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Open Access Research article

Potential for epidemic take-off from the primary outbreak farm via livestock movements

Michael J Tildesley13*, Victoriya V Volkova24* and Mark EJ Woolhouse2

Author affiliations

1 Centre for Immunity, Infection and Evolution, School of Biological Sciences, University of Edinburgh, Ashworth Laboratories, Kings Buildings, West Mains Road, Edinburgh, EH9 3JT, UK

2 Epidemiology Group, Centre for Infectious Diseases, School of Biological Sciences, University of Edinburgh, Ashworth Laboratories, Kings Buildings, West Mains Road, Edinburgh, EH9 3JT, UK

3 Centre for Complexity Science, Zeeman Building, University of Warwick, Coventry, CV4 7AL, UK (Current address

4 Department of Population Medicine and Diagnostic Sciences, College of Veterinary Medicine, Cornell University, S2-064 Schurman Hall, Ithaca, New York 14853, USA (Current address

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Citation and License

BMC Veterinary Research 2011, 7:76  doi:10.1186/1746-6148-7-76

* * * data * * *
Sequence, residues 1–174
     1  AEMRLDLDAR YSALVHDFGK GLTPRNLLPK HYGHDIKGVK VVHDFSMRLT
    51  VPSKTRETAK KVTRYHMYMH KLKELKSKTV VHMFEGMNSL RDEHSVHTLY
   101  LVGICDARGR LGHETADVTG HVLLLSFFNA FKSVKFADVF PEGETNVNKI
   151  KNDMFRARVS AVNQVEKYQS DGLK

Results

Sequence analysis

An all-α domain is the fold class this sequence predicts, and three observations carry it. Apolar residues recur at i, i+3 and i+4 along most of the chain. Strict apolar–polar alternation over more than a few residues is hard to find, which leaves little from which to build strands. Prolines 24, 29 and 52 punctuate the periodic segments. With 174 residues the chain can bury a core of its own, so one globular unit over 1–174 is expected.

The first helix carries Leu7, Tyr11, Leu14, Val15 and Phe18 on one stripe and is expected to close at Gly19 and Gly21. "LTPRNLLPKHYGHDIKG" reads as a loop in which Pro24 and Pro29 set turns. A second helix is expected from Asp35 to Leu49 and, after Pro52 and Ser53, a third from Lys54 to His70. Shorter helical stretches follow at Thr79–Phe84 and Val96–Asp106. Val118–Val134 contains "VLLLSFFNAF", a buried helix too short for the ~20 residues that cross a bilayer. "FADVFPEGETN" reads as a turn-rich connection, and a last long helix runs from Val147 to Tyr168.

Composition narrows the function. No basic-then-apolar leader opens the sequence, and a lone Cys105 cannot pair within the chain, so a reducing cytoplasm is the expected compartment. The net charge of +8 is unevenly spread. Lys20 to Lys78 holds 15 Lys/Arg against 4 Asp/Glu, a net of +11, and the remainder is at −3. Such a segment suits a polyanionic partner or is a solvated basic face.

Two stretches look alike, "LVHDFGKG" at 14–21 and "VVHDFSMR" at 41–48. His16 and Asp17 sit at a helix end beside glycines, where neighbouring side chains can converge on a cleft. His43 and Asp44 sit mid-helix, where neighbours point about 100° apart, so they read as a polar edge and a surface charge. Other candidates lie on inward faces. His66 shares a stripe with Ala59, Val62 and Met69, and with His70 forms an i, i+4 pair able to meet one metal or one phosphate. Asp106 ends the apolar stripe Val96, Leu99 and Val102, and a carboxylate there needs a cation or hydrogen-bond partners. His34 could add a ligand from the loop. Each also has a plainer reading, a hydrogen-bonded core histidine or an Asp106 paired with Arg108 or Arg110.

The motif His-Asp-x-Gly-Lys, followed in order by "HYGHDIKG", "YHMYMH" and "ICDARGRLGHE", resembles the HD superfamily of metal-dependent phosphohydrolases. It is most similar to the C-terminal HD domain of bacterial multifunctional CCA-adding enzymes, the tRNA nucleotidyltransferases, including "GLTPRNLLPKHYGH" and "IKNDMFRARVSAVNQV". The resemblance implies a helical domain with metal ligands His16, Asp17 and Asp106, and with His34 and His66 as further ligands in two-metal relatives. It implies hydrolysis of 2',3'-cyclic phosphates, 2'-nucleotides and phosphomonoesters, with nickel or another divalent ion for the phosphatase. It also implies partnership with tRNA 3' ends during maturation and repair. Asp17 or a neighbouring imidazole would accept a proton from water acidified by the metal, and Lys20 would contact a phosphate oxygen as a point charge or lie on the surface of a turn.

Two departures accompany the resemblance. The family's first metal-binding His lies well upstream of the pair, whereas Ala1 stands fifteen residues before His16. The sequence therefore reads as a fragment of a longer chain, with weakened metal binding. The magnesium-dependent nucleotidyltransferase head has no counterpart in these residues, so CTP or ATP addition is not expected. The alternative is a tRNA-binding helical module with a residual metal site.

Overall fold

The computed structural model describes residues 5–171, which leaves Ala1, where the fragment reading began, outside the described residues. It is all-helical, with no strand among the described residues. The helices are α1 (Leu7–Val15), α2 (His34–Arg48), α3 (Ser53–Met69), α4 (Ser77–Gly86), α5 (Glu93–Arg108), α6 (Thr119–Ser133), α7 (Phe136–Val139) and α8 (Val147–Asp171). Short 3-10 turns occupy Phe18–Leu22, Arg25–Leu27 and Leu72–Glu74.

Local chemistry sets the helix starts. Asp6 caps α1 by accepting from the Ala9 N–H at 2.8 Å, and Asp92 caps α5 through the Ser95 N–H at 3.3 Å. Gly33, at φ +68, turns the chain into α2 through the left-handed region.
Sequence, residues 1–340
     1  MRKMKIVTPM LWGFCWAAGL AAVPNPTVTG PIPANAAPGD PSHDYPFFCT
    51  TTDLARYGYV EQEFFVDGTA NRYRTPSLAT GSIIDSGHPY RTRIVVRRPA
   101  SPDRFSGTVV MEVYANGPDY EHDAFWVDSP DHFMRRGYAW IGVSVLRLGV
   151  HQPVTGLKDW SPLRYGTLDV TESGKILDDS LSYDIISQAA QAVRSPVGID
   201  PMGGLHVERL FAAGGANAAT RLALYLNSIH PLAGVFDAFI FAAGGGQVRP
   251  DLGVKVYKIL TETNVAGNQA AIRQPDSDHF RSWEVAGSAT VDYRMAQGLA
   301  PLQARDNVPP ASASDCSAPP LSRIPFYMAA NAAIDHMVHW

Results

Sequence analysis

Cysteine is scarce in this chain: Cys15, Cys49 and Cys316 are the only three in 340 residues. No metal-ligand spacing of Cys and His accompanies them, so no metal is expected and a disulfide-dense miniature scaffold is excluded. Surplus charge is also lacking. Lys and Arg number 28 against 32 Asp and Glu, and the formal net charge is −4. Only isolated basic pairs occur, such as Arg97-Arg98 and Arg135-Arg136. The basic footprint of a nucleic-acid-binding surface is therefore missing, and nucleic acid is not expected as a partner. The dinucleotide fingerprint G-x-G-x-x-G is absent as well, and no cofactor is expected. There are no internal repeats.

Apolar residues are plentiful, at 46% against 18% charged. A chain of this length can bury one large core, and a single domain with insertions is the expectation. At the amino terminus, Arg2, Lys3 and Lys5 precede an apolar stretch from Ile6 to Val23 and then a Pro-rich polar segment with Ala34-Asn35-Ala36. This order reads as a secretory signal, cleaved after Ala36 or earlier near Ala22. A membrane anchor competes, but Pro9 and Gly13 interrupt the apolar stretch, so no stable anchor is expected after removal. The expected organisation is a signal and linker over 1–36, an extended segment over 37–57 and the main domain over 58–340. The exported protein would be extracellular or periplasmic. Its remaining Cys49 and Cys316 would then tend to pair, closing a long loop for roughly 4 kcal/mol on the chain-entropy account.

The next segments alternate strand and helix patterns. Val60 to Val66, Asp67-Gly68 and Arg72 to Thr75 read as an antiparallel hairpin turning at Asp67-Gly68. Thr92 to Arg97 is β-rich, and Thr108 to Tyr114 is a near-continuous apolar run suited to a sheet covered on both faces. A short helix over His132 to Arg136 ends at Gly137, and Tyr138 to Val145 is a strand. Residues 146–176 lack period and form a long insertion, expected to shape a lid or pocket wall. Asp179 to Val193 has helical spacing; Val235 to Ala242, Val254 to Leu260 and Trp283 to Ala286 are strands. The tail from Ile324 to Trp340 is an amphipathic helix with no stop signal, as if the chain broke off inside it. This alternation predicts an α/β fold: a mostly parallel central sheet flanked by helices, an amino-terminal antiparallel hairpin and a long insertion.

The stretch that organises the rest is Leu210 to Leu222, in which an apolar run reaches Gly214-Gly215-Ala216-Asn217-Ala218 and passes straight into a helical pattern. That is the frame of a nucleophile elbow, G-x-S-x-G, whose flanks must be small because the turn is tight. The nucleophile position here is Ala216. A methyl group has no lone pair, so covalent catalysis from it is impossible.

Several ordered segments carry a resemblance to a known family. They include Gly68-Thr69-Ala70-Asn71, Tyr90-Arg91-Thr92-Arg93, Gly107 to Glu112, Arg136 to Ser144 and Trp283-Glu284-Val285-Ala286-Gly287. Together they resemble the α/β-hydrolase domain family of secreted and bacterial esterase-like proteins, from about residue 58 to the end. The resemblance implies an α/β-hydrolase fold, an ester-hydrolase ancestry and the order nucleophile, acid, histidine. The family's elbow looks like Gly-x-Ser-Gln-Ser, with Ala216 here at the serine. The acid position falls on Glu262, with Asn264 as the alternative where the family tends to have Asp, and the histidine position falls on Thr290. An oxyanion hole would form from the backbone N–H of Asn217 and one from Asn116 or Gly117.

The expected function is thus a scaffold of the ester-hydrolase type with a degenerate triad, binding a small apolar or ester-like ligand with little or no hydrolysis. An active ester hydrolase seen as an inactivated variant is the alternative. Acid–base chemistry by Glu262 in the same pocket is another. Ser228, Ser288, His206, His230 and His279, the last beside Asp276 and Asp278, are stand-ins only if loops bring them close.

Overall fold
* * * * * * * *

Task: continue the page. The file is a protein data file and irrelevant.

Published: 24 November 2011

Abstract

Background

We consider the potential for infection to spread in a farm population from the primary outbreak farm via livestock movements prior to disease detection. We analyse how this depends on the time of the year infection occurs, the species transmitting, the length of infectious period on the primary outbreak farm, location of the primary outbreak, and whether a livestock market becomes involved. We consider short infectious periods of 1 week, 2 weeks and 4 weeks, characteristic of acute contagious livestock diseases. The analysis is based on farms in Scotland from 1 January 2003 to 31 July 2007.

Results

The proportion of primary outbreaks from which an acute contagious disease would spread via movement of livestock is generally low, but exhibits distinct annual cyclicity with peaks in May and August. The distance that livestock are moved varies similarly: at the time of the year when the potential for spread via movements is highest, the geographical spread via movements is largest. The seasonal patterns for cattle differ from those for sheep whilst there is no obvious seasonality for pigs. When spread via movements does occur, there is a high risk of infection reaching a livestock market; infection of markets can amplify disease spread. The proportion of primary outbreaks that would spread infection via livestock movements varies significantly between geographical regions.

Conclusions

In this paper we introduce a set-up for analysis of movement data that allows for a generalized assessment of the risk associated with infection spreading from a primary outbreak farm via livestock movements, applying this to Scotland, we assess how this risk depends upon the time of the year, species transmitting, location of the farm and other factors.

Keywords:
livestock movement; seasonality; cyclicity; spread of infection; primary outbreak